of which we should be speaking.

Now, see here, Monckton.

Here's a letter
which I received today

from a British resident
of the United States.

Now, both the tone and substance
of this letter

demonstrate the disgust and
dismay at what the correspondent

has read in the American press
about the king and Mrs. Simpson.

Read it.

MONCKTON: "I am one of those
who had a deep admiration

for the present monarch
when he was Prince of Wales

and looked forward to the day
when he would bring a new vision

and a new inspiration
to the task of kingship.

In common, I fear,
with a great many others,

I have been
bitterly disappointed.

The doings of the king as
reported in the American press

have, in the course
of a few months,

transformed Great Britain

as envisaged
by the average American

from a sober and dignified realm

into a dizzy Balkan
musical comedy

attuned to the rhythm of jazz.

To the American man in
the street, Italy is Mussolini,

Germany is Hitler,
Russia is Stalin,

and for many years,
Great Britain was George V.

But the prevailing
American opinion

is that the foundations of the
British throne are undermined,

its moral authority, its honor,
and its dignity

cast into the dustbin.

To put the matter bluntly,

George V was an invaluable asset
to British prestige abroad.

Edward VIII has proved himself
an incalculable liability."

"But I cannot refrain
from saying

that nothing
would please me more

than to hear that Edward VIII
had abdicated his rights

in favor
of the heir presumptive,

who I am confident
would be prepared to carry on

in the sterling tradition
established by his father.

In my view, it would be well
to have such a change take place

while it is still a matter
of individuals

and before the disquiet
has progressed to the point

of calling in question the
institution of monarchy itself.

Yours faithfully, Britannicus
in partibus infidelium."

Well, gentlemen,

do you wonder that we
of The Times are ashamed?

What will you do?

The other papers
will take their lead from you.

I shall do whatever you wish,
Prime Minister.

I wish you to do nothing.

And we think
that the other papers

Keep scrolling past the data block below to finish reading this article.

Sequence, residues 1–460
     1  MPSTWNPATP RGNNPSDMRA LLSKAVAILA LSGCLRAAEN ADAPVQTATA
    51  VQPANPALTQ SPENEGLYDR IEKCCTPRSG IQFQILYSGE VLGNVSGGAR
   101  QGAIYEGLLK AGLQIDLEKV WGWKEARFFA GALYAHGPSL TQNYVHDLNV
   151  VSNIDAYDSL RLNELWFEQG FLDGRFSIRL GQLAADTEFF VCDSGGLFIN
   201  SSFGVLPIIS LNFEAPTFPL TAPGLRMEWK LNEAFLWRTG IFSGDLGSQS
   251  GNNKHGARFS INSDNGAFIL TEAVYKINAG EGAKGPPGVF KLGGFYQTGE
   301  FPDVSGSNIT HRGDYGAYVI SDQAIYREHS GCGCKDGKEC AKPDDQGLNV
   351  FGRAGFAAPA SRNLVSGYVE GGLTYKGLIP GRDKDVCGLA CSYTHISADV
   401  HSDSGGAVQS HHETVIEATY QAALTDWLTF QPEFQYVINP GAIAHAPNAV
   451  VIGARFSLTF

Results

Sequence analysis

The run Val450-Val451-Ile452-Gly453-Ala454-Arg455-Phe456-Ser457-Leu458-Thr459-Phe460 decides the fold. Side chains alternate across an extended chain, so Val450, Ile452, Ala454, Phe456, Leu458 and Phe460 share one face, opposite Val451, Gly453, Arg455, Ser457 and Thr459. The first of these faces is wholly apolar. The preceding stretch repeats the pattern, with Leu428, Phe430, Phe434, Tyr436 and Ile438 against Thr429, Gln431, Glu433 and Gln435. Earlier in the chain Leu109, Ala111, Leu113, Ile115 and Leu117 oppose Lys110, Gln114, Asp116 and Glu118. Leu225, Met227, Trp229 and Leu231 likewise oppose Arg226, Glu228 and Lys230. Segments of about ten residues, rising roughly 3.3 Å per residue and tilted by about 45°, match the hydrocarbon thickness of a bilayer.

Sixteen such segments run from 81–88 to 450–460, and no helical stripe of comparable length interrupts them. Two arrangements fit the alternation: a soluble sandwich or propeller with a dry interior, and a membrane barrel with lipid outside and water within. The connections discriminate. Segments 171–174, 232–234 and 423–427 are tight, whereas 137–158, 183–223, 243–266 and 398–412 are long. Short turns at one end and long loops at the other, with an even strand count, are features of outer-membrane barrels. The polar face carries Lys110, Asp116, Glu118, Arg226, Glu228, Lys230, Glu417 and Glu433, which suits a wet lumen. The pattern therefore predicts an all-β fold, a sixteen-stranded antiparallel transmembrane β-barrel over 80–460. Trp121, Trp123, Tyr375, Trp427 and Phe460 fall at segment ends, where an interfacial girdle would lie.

will then continue
to do nothing?

Well, Lord Beaverbrook and
Mr. Harmsworth both think so.

The risks are too great.

In any case,
they've agreed to carry nothing

beyond a factual report
of the divorce case

until and unless
they have cause to think

that they've been misinformed
about the king's intention.

And what, can anybody tell me,
is the king's intention?

If I might take that letter
to the king,

it might make him realize
that his time is running out.

Agreement or no agreement,

he can hardly expect the press
to keep silence forever.

I believe it's time
he made himself plain,

both to the kingdom
and to his friends.

[ Indistinct conversations ]

Mr. Justice Hawke.

[ Talking stops ]

Milord, I appear in this case

with my learned friend
Mr. Walter Frampton.

I call on the petitioner
at once.

Will you repeat after me --

"I swear by Almighty God

the evidence I shall give to
this court shall be the truth,

the whole truth,
and nothing but the truth."

I swear by Almighty God

that the evidence I shall give
to the court shall be the truth,

the whole truth,
and nothing but the truth.

Mrs. Simpson, is your full name
Wallis Simpson?

How did this case come here?

[ Whispering ]

I see.
Yes.

Yes.
I've been told.

Milord.

Your names are Wallis Simpson,

and you live at Beach House,
Felixstowe.

Yes.

Is your London address
16 Cumberland Terrace,

Regent's Park?

Yes.

And were you married
to the respondent --

The petition alleges